A return of the Russian Federation electoral system to mixed-member majoritarian (MMM, also known as a “parallel” system) is underway. Essentially, it would return the county to the system used until ten years ago, when it was replaced by a single national district (450 seats), closed lists. Under the new-old MMM system, half the seats would continue to be elected in a nationwide closed-list contest, while the other half would consist of single-seat districts (plurality rule).
As noted in the Boston Globe:
But while the prospect of individual candidacies suggests a liberalizing of a political system often criticized as heavily tilted in favor of Putin and the governing authorities, history shows that they can actually have the opposite effect.
This is because individuals endorsed by the majority party tend to have an advantage in name recognition and resources in local races, and because candidates who run as independents can often be enticed to join the majority party when the new Parliament is formed, using perks offered by the presidential administration.
The article cites the similar experience of Ukraine, which also has followed the path of MMM > nationwide PR > MMM:
In 2007, under a system of proportional voting for party lists, the Party of Regions won 175 seats with 34.4 percent of the vote. In 2012, the Party of Regions won only 30 percent in proportional voting but now holds 209 seats thanks to victories in individual districts by its own nominees or by independents who joined the faction later.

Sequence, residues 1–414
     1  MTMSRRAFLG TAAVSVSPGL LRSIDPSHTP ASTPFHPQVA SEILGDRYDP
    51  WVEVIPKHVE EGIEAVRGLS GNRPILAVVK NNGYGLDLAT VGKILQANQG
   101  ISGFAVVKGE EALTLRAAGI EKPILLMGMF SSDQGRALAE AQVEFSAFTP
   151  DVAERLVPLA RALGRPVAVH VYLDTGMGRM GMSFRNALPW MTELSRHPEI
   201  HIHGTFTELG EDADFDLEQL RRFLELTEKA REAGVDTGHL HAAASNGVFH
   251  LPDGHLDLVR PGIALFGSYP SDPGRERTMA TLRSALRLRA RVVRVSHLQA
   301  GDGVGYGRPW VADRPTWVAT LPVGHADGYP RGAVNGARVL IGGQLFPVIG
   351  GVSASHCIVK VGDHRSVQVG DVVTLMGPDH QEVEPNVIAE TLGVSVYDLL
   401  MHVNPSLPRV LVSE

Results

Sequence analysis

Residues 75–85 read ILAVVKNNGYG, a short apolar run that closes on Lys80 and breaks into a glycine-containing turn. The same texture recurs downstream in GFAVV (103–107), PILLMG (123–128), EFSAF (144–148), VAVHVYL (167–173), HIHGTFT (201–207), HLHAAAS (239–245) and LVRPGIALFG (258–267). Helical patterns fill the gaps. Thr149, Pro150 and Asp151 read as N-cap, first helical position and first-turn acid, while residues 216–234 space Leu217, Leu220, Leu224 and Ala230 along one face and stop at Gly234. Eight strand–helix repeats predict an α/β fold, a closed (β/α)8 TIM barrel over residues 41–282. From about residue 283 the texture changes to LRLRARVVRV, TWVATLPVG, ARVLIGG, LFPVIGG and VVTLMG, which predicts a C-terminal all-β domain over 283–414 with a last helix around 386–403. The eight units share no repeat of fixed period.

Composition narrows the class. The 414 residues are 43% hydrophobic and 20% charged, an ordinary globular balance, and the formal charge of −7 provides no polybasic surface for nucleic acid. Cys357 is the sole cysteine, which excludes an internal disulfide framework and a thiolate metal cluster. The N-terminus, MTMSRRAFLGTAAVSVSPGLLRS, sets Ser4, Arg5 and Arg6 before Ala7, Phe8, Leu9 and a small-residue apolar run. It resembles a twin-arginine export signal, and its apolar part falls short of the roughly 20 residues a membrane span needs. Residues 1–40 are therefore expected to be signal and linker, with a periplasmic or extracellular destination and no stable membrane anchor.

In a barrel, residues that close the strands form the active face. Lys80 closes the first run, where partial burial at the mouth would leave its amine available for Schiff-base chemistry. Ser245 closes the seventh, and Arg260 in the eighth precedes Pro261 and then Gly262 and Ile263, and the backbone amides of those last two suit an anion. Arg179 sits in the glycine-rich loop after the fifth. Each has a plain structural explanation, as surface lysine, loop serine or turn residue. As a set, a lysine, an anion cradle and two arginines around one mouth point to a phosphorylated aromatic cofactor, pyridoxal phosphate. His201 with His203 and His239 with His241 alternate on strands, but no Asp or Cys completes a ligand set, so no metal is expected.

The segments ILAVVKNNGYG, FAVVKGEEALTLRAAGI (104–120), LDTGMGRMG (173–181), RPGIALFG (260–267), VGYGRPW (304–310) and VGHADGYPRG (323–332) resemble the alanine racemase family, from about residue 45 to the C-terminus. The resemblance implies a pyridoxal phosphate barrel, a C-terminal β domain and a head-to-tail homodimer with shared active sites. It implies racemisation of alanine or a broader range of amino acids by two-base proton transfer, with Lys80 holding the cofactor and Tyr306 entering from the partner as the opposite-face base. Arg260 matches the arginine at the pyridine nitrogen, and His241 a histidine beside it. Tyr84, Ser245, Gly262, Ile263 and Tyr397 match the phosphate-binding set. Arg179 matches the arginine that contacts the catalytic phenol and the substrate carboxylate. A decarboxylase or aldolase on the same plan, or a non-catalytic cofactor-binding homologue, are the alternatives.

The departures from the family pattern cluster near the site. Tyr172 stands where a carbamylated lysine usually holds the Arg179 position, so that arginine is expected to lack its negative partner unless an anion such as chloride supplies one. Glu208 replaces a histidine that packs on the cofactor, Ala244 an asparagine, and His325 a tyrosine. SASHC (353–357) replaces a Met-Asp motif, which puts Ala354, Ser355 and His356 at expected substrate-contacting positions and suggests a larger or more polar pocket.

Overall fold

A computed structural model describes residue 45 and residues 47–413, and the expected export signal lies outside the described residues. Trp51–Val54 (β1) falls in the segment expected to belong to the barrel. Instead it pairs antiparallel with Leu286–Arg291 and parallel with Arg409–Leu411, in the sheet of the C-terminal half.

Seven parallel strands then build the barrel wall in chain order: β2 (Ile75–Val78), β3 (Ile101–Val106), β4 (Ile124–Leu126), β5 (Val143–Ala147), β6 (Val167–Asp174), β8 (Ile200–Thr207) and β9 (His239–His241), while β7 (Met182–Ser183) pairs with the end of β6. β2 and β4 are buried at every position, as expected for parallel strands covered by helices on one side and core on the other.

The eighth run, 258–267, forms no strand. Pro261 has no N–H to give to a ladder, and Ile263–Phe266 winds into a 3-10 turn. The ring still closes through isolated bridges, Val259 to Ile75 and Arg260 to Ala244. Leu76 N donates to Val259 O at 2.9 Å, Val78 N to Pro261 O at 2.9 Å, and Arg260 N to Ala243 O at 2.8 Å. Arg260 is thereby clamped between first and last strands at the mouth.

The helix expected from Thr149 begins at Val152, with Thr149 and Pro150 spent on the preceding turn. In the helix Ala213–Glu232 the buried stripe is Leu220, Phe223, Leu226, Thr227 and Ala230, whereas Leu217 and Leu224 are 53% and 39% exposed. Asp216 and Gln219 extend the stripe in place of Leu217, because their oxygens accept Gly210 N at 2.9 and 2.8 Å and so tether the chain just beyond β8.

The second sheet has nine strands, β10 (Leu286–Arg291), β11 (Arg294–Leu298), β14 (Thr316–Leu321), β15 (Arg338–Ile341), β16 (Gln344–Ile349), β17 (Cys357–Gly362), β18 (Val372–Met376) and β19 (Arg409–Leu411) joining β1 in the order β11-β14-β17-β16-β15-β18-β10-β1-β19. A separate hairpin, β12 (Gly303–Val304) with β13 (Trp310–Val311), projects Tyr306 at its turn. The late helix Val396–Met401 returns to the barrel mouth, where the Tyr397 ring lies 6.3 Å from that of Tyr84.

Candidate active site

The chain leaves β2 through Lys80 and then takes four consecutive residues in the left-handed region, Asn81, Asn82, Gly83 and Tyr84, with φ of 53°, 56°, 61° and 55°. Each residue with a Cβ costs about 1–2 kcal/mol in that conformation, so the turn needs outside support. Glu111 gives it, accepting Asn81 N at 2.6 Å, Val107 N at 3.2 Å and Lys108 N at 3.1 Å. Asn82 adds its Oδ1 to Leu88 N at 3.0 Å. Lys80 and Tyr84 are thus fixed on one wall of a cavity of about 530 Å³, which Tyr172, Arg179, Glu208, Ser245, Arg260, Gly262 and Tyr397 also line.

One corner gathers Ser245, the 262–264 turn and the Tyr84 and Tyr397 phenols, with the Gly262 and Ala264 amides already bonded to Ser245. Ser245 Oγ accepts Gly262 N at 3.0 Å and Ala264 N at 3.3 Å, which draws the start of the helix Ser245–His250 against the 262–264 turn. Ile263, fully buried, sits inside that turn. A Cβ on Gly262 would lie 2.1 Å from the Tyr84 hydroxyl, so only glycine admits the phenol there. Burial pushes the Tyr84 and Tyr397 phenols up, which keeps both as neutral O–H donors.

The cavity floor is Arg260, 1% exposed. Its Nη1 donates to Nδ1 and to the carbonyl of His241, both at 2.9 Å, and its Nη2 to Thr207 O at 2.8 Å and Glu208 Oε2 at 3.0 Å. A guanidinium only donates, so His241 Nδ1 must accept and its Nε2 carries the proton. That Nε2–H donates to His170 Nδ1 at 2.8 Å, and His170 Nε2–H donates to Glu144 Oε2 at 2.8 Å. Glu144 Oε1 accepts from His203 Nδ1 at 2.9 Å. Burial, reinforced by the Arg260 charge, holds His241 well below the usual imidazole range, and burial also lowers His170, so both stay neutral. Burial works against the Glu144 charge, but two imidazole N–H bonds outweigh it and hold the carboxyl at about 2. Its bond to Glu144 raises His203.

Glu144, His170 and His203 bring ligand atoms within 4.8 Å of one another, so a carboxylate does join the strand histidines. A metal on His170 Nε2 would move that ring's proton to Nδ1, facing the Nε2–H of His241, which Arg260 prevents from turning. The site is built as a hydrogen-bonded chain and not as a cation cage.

Finally, the article quotes a Russian election monitor, Arkady Lubaryev, saying his organization would have preferred a “mixed closed system” like that of Germany, rather than the “mixed open” system being proposed. I have never seen this terminology, and it makes no sense to me (raising the risk of confusing open/closed with the type of party list used). I will stick to MMP and MMM, or compensatory and not respectively.
While I still think MMM has its uses, the more I follow developments concerning that system, the more I think it is generally the worst of both worlds.1 It allows establishment parties to over-perform their party label popularity, while also complicating the strategy of opposition forces, which face the contradictory pulls of incentives to coordinate in the single-seat districts with incentives to run separately due to the proportional tier. The 2012 election in Japan suggests that country may be headed down a similar path after a brief period of two-bloc competition and alternation.